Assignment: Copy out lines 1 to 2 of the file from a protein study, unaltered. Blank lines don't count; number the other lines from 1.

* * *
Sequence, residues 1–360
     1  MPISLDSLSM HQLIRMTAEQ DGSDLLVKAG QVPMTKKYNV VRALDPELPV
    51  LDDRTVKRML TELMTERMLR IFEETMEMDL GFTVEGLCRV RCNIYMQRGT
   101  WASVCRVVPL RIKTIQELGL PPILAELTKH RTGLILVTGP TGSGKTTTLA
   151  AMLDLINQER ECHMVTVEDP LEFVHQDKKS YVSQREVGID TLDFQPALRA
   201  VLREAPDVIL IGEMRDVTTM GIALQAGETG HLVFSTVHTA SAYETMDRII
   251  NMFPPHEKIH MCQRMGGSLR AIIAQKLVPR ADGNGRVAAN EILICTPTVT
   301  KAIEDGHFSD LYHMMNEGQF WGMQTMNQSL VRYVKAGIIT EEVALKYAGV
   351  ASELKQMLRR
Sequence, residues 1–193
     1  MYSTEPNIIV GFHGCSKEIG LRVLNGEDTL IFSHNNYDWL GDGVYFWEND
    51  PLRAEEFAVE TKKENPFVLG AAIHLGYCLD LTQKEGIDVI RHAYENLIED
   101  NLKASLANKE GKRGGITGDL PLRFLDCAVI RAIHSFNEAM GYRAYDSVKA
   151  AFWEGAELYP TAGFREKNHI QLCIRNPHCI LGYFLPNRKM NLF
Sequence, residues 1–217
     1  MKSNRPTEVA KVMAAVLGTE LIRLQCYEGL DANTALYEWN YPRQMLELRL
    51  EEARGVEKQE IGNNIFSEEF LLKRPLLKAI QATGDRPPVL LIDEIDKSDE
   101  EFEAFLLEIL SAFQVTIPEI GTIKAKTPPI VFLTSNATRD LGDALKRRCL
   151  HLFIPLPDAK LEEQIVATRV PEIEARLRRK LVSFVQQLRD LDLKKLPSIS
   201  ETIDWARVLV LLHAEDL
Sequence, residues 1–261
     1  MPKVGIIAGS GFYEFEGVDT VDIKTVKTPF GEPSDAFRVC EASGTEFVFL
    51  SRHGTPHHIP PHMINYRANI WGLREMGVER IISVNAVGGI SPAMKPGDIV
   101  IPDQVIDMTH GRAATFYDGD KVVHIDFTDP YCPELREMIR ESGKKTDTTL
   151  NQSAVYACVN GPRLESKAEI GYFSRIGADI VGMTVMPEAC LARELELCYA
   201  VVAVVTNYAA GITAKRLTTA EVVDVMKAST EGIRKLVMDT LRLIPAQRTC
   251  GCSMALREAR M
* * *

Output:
Sequence, residues 1–360
     1  MPISLDSLSM HQLIRMTAEQ DGSDLLVKAG QVPMTKKYNV VRALDPELPV